The crowned cormorant (Microcarbo coronatus) is a small cormorant that is endemic to the waters of the cold Benguela Current of southern Africa. It is an exclusively coastal species and is not found more than 10 km (6 mi) away from land. This species is related to the reed cormorant, and was formerly considered to the same species.
The population appears to be between 2500 and 2900 breeding pairs. It breeds in small groups, with fewer than 150 individuals per colony being typical. Ringing recoveries show that juveniles may disperse up to 277 km from their nests, and adults move between breeding sites over 500 km apart.
The crowned cormorant is 50–55 cm in length. Adults are black with a small crest on the head and a red face patch. Young birds are dark brown above, paler brown below, and lack the crest. They can be distinguished from immature reed cormorants by their darker underparts and shorter tail.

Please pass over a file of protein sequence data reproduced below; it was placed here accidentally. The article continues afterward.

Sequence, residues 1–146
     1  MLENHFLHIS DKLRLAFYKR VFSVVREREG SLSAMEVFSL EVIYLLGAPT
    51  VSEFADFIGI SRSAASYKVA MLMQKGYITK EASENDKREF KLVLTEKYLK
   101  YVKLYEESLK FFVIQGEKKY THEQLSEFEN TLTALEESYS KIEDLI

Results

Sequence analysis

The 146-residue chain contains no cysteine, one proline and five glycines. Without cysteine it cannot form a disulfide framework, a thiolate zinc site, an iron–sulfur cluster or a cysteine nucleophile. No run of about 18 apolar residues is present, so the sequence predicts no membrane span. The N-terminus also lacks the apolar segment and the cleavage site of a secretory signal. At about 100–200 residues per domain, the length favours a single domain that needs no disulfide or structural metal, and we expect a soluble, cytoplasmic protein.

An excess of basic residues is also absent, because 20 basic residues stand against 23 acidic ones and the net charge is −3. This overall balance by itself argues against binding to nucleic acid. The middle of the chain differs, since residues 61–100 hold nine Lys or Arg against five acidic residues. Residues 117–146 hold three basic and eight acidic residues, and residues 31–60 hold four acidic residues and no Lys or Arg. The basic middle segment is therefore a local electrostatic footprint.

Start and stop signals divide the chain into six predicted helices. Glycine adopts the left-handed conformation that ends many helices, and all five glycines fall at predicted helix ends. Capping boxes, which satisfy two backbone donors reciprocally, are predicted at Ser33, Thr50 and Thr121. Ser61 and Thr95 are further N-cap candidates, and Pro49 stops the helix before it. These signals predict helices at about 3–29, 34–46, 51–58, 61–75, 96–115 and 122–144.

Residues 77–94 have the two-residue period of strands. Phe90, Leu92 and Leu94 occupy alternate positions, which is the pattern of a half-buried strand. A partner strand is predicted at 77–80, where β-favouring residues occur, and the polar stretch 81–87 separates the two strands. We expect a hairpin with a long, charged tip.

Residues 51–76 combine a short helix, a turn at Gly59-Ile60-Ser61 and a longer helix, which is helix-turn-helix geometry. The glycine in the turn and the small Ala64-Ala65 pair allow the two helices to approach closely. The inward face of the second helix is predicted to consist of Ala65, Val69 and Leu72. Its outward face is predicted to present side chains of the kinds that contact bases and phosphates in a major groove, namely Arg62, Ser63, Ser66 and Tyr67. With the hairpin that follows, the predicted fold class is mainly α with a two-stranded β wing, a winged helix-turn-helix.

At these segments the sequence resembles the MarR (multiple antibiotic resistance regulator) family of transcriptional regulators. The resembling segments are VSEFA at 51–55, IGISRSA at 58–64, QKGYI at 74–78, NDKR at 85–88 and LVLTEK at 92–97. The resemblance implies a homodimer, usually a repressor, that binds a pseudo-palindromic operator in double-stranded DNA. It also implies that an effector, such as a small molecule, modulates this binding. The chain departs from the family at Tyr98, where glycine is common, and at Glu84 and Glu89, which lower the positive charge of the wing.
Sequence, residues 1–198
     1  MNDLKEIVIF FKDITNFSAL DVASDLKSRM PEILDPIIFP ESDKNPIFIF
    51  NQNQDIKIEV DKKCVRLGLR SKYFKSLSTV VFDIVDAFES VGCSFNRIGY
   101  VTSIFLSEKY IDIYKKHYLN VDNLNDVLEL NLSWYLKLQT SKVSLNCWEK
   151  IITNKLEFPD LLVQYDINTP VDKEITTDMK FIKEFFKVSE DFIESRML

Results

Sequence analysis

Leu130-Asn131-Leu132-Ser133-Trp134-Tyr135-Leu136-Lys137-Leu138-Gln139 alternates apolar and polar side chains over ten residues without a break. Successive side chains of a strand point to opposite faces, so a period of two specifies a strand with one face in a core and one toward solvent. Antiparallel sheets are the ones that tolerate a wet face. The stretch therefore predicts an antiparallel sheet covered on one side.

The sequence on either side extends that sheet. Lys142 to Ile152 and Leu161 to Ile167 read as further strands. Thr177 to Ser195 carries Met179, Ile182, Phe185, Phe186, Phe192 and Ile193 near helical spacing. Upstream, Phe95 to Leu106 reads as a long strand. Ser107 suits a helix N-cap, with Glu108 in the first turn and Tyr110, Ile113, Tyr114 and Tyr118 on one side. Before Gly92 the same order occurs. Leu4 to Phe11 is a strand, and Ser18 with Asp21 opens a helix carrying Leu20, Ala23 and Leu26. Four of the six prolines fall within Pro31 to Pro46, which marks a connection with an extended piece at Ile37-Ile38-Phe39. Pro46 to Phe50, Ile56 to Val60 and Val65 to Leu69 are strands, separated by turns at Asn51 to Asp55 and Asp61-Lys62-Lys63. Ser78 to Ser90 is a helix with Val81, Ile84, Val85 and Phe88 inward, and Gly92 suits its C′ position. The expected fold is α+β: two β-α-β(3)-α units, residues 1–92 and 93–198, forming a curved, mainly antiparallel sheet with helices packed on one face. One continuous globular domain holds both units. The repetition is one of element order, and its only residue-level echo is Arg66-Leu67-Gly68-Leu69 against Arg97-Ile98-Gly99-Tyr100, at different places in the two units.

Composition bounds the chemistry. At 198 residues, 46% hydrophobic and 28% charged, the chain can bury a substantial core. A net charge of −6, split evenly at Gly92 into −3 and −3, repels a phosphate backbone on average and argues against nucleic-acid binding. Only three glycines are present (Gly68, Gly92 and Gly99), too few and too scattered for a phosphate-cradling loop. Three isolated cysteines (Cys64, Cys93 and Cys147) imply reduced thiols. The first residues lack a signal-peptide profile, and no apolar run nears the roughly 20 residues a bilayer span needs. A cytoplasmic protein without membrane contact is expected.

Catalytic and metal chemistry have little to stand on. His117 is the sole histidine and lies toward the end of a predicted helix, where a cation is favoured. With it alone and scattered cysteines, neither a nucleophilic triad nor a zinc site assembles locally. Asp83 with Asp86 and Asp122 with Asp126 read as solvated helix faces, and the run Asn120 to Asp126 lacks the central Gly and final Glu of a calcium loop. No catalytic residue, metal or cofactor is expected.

It builds a nest from kelp, sticks, bones and lines it with kelp or feathers. The nest is usually in an elevated position such as a rocks, trees or man-made structures, but may be built on the ground.
Threats to the species include predation of eggs and chicks by kelp gulls and great white pelicans, human disturbance, oiling, and commercial fishing activities, including entanglement in marine debris and fishing gear.
- Ian Sinclair, Phil Hockey and Warwick Tarboton, SASOL Birds of Southern Africa (Struik 2002) ISBN 1-86872-721-1
- BirdLife International (2008). "Phalacrocorax coronatus". IUCN Red List of Threatened Species. Version 2008. International Union for Conservation of Nature. Retrieved 15 November 2009.
- Johnsgard, Paul A. (1993). Cormorants, Darters, and Pelicans of the World. Washington: Smithsonian Institution Press. pp. 152–155. ISBN 1-56098-216-0.